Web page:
Further reading: you may read our complete coverage of bKash here.

Fahim Mashroor

Fahim Mashroor, CEO of Ajkerdeal

Fahim Mashroor
Founder and CEO, BDjobs.com and Ajkerdeal.com

For proving the fact that it is possible to build a successful internet company in Bangladesh and for making employment opportunities available to common people and consistently influencing tech ecosystem in Dhaka with the critical and often risky opinion, sometimes opinions that are not popular.

Further reading: You may read our complete coverage of Mr. Mashroor here, and Ajkerdeal here and BDjobs here.

Waseem Alim

Waseem Alim

Waseem Alim
Co-founder, Chaldal

For believing and the acting upon the fact that it is possible to build internet company in Bangladesh and that it is possible to raise investment and following through. Chaldal is an online grocery startup. The company has raised investment from a host of investors including Y Combinator and IFC.

Further reading: You may read our coverage of Mr. Waseem here and Chaldal here.

Hussain-M-Elius

Hussain-M-Elius

Hussain M Elius
Founder and CEO, Pathao

For taking on one of the most difficult problems in Dhaka and offering a solution to it and then proving the fact that although it is challenging and difficult, it is possible to try and make a dent. Pathao has created a solution for common people by the common people and it has greatly influenced the tech’s public conversation in 2017.

Further reading: You may read out coverage of Mr. Elius here and Pathao here.

The first wave of the global technological revolution started with the high hope that tech would liberate humanity, democratize opportunity, reduce inequality, and give power to the common people.

As American intellectual Lawrence Lessig beautifully illustrates in his wonderful book The Future of Ideas: The Fate of the Commons in a Connected World, the tech revolution has failed us.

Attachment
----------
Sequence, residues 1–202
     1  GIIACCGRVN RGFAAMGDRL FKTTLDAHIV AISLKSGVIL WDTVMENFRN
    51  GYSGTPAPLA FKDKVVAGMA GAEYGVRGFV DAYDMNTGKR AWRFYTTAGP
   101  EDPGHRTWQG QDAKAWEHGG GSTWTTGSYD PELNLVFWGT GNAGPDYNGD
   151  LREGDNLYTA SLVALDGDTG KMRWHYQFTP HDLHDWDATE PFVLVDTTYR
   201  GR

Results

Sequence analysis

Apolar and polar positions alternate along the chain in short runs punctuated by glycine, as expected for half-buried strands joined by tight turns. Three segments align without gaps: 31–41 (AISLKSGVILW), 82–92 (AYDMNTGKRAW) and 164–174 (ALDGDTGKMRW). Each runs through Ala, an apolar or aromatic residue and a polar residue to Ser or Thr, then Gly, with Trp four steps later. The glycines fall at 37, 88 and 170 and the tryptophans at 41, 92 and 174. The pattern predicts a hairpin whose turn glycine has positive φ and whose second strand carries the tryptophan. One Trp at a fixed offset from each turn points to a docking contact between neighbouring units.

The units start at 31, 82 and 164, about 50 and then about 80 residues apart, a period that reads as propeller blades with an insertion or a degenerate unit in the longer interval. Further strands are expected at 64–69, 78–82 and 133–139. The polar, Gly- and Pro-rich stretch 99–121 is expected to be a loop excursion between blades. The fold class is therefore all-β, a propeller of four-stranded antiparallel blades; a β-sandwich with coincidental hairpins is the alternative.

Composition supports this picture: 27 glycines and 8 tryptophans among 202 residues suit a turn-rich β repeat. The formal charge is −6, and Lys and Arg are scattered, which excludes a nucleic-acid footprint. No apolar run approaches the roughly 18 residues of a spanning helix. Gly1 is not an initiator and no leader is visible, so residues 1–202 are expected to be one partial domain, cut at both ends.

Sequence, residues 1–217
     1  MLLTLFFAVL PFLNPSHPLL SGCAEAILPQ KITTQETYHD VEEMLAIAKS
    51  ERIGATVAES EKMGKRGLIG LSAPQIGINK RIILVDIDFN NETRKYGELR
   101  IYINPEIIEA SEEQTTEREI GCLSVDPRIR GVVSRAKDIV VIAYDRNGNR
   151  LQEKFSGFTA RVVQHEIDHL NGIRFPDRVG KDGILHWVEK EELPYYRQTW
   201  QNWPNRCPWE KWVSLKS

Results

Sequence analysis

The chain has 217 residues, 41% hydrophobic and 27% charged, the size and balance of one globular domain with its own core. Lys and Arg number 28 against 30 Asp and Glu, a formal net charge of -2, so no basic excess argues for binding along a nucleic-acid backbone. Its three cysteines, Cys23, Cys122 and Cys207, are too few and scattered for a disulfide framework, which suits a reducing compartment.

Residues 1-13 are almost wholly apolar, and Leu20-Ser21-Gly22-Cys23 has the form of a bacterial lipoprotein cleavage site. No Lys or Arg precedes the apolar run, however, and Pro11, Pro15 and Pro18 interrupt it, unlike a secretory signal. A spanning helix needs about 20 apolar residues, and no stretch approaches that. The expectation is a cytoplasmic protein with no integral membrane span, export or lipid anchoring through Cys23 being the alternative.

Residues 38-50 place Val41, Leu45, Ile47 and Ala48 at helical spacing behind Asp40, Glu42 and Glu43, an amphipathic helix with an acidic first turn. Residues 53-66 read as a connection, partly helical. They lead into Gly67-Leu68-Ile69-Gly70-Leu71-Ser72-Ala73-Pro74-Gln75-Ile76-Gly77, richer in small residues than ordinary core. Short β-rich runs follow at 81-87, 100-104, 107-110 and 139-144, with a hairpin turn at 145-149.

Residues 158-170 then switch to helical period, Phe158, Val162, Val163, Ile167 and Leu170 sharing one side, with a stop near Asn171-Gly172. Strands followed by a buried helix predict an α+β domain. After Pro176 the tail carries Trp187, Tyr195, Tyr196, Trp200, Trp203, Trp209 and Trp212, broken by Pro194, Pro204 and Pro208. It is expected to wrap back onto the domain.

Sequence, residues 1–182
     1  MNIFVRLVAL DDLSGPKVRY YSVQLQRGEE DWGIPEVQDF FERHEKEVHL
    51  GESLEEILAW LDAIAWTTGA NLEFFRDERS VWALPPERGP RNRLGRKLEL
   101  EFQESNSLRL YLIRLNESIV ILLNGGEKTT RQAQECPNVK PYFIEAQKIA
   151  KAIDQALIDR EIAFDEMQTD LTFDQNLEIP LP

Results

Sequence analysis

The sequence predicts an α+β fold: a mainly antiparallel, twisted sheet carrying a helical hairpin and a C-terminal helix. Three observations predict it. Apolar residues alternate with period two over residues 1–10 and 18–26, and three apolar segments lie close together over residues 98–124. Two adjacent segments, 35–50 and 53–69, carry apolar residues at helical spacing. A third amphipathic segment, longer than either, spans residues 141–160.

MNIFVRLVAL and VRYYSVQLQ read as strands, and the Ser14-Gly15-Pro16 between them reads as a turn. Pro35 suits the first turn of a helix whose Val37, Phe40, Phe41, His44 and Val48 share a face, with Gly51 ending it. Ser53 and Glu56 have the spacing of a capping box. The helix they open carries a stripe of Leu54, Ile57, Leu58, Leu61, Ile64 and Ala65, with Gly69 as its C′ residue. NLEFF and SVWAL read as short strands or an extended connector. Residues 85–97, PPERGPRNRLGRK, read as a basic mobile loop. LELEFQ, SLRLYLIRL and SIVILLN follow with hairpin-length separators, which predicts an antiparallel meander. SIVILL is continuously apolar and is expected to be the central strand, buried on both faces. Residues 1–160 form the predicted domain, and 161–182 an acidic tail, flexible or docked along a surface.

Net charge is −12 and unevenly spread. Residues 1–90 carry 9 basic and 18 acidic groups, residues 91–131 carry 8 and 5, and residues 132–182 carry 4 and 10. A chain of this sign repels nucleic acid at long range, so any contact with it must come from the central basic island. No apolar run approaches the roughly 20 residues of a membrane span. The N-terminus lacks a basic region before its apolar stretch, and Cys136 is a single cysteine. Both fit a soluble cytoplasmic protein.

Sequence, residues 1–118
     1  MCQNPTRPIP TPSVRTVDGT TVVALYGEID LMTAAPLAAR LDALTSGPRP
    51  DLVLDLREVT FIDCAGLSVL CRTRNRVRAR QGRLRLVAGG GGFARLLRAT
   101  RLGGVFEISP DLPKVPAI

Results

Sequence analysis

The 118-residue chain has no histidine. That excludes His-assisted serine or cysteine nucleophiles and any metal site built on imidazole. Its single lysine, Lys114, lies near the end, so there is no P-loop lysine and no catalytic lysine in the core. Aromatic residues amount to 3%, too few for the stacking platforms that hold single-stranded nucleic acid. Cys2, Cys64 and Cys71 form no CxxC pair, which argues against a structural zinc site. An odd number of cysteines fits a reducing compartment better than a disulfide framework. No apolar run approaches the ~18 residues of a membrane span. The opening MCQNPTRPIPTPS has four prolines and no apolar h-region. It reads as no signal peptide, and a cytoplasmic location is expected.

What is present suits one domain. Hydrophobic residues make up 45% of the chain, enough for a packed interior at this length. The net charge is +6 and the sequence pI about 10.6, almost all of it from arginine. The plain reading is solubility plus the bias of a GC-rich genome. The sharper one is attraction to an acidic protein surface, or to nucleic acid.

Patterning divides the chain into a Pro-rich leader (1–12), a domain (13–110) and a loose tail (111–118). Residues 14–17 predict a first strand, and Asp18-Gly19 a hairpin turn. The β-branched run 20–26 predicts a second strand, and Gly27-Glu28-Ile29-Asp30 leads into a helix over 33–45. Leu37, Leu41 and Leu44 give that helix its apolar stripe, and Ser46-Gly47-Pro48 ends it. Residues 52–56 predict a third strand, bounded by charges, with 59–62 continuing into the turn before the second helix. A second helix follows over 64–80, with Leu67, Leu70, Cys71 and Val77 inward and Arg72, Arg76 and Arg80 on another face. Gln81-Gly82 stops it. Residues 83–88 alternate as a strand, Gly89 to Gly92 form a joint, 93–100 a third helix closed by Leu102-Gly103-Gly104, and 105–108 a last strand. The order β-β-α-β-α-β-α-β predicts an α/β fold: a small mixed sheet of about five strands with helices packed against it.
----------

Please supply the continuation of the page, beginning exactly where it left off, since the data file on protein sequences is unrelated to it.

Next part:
Over the past years, we have come to see the death of the open internet. Technology has helped a new wave of inequality. It has concentrated the opportunities and power in the hands of a handful of people and corporations and created an environment of winners take it all. And corporations and authoritarian regimes have successfully completed a counter-revolution turning tech into a tool for manipulating and controlling the common people.

Our hope is that in Bangladesh we will experience a different technological revolution that will truly liberate common people and truly empower them. To an inclusive technological revolution.

Notes – 1) We don’t know whether this will be a yearly thing yet, but this year this seems an appropriate thing to do. Thank you for reading.
2) This list originally appeared along with this piece, it has been separated after receiving feedback from our readers.

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Ruhul Kader

Co-founder at Future StartUp
Ruhul Kader is a co-founder at Future Startup. He writes about business with a specific concentration on strategy, technology, and society. He can be reached at [email protected]